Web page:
Nevermoor the Trials of Morrigan Crow.png
Genre: Fantasy
Age Range: MG
Star Rating: 4/5 stars
Series: Yes - first book


nevermoor the trials of morrigan crown.jpg

Morrigan Crow is cursed. Having been born on Eventide, the unluckiest day for any child to be born, she’s blamed for all local misfortunes, from hailstorms to heart attacks–and, worst of all, the curse means that Morrigan is doomed to die at midnight on her eleventh birthday.

But as Morrigan awaits her fate, a strange and remarkable man named Jupiter North appears. Chased by black-smoke hounds and shadowy hunters on horseback, he whisks her away into the safety of a secret, magical city called Nevermoor.

It’s then that Morrigan discovers Jupiter has chosen her to contend for a place in the city’s most prestigious organization: the Wundrous Society. In order to join, she must compete in four difficult and dangerous trials against hundreds of other children, each boasting an extraordinary talent that sets them apart–an extraordinary talent that Morrigan insists she does not have. To stay in the safety of Nevermoor for good, Morrigan will need to find a way to pass the tests–or she’ll have to leave the city to confront her deadly fate.

Synopsis taken from Goodreads. Add to your shelves here.


This is a quirky, pacy read in a stunning world.

I’ve read a handful of MG this year, and I want to keep reading it. It’s so good, but I often feel self-conscious heading into the Children’s section as if I shouldn’t be reading ‘childish’ stuff. Which is stupid – of me and whatever is subconsciously telling me I should be reading ‘grown-up’ books.

No one is ever too old for fun, and MG books are just as well crafted as YA or Adult. I love the sheer magic and fun of books that just go for it, inventing colourful, unusual worlds to loose yourself in.

The world building is amazing, immersing you in a vibrant, slightly off-kilter and completely random world. It’s magical and bizarre, almost bonkers, with trains you ride by holding onto an umbrella and talking cats managing hotels. I love it. There was always something new to discover in every chapter, and the characters just take the madness in stride. The fun pours off the pages, making me giggle more often than not when the vampire dwarf throws extravagant parties or Jupiter debates whether an ostrich is counts as a winged, flying beast.

Having Morrigan as an outsider to this world means we experience the same wait what? feeling at these bizarre happenings, and get a smidge more explanation. However, much of it is left unexplained, leaving it up to us the readers to fill in the blanks. I love that, and the lack of dense info dumping to build the world. The world just is.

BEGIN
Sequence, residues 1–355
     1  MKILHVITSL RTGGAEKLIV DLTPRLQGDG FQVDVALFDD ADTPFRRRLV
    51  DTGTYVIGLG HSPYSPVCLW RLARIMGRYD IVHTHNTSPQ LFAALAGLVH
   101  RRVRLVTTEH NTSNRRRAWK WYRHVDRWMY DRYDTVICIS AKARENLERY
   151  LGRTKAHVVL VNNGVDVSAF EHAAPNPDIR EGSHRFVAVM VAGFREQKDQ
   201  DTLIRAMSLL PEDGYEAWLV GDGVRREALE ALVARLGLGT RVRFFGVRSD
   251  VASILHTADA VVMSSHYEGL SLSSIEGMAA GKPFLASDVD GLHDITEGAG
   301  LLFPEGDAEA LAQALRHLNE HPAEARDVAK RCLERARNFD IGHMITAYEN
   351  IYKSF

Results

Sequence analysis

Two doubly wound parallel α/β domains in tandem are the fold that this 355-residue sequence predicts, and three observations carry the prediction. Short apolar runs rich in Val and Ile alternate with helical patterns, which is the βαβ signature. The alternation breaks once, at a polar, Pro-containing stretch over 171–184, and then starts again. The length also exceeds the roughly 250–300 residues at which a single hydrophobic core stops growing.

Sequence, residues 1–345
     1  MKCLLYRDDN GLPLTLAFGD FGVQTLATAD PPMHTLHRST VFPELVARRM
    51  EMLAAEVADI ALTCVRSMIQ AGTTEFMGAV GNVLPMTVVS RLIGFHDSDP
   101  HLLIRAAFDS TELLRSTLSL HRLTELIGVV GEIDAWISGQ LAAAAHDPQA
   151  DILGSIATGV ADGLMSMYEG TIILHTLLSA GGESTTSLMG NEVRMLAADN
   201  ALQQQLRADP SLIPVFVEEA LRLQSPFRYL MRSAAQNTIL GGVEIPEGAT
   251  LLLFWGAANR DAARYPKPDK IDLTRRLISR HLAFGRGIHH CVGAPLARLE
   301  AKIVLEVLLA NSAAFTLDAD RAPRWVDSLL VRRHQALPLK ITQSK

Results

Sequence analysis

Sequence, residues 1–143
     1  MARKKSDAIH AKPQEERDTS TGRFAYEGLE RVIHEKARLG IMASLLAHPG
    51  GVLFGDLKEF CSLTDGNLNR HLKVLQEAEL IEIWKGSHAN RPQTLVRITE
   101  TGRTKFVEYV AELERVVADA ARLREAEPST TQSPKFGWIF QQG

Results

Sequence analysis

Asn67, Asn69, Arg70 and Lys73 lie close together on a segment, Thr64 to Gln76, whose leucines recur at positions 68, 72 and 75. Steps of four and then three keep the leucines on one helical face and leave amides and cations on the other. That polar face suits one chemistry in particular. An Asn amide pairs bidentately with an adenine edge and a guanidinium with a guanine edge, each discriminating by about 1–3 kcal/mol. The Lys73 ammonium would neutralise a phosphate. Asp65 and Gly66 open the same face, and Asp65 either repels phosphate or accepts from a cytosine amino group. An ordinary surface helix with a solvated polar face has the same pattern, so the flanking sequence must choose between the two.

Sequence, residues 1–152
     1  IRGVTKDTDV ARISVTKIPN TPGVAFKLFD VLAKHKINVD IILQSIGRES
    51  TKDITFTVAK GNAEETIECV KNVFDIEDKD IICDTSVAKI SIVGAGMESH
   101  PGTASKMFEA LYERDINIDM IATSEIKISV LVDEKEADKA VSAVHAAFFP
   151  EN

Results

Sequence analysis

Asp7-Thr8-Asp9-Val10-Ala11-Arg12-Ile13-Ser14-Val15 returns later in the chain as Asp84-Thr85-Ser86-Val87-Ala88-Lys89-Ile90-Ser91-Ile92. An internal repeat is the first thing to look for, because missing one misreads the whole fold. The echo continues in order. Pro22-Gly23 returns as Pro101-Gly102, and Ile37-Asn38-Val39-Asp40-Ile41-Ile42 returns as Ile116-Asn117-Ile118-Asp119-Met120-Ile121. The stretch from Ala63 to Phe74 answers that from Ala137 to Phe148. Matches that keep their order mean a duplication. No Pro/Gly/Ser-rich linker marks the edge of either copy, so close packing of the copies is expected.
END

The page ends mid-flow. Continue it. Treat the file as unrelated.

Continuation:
The writing has the same quirky tone, full of asides in brackets that give the text a chatty, personal feel. It’s half the reason the book is so engaging. The plot is nothing new (girl has to pass four challenges to become part of a society) but it’s the execution that sets it apart.

Of all the side characters, I love Hawthorn’s unbriddled enthusiasm the most. He just bubbles with energy. Jupiter drips eccentricity, like any good mentor in a world this colourful. The way he holds back information is rightly infuriating but came across as the by-product of a mind flitting about to more interesting matters. The antagonism with Jack was interesting, but I’m not quiet sure why it existed – or why it went after the Christmas duel.

I really want to dive right into the next book, but my TBR is already groaning so I’ll have to make it a treat to motivate me to demolish the books staring down at me.

Read my reviews of other books by Jessica Townsend:

Nevermoor (this series):


Leave a Reply

Fill in your details below or click an icon to log in: Logo

You are commenting using your account. Log Out /  Change )

Twitter picture

You are commenting using your Twitter account. Log Out /  Change )

Facebook photo

You are commenting using your Facebook account. Log Out /  Change )

Connecting to %s